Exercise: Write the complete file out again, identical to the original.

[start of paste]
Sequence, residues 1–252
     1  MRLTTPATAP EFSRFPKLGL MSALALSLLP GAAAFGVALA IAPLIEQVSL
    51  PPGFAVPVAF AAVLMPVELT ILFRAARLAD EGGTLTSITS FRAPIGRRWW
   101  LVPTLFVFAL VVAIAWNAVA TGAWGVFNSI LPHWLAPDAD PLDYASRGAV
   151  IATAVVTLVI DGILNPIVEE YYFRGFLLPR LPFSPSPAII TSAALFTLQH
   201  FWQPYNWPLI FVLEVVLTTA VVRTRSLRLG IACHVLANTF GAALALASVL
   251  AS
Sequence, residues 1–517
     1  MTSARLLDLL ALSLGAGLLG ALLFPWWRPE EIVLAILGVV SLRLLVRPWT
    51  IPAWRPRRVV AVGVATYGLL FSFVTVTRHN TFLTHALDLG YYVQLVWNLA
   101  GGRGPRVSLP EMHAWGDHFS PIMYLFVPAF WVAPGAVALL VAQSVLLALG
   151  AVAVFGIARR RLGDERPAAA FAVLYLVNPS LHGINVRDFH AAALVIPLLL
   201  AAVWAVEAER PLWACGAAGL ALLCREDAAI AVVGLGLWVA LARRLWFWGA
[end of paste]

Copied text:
Sequence, residues 1–252
     1  MRLTTPATAP EFSRFPKLGL MSALALSLLP GAAAFGVALA IAPLIEQVSL
    51  PPGFAVPVAF AAVLMPVELT ILFRAARLAD EGGTLTSITS FRAPIGRRWW
   101  LVPTLFVFAL VVAIAWNAVA TGAWGVFNSI LPHWLAPDAD PLDYASRGAV
   151  IATAVVTLVI DGILNPIVEE YYFRGFLLPR LPFSPSPAII TSAALFTLQH
   201  FWQPYNWPLI FVLEVVLTTA VVRTRSLRLG IACHVLANTF GAALALASVL
   251  AS
Sequence, residues 1–517
     1  MTSARLLDLL ALSLGAGLLG ALLFPWWRPE EIVLAILGVV SLRLLVRPWT
    51  IPAWRPRRVV AVGVATYGLL FSFVTVTRHN TFLTHALDLG YYVQLVWNLA
   101  GGRGPRVSLP EMHAWGDHFS PIMYLFVPAF WVAPGAVALL VAQSVLLALG
   151  AVAVFGIARR RLGDERPAAA FAVLYLVNPS LHGINVRDFH AAALVIPLLL
   201  AAVWAVEAER PLWACGAAGL ALLCREDAAI AVVGLGLWVA LARRLWFWGA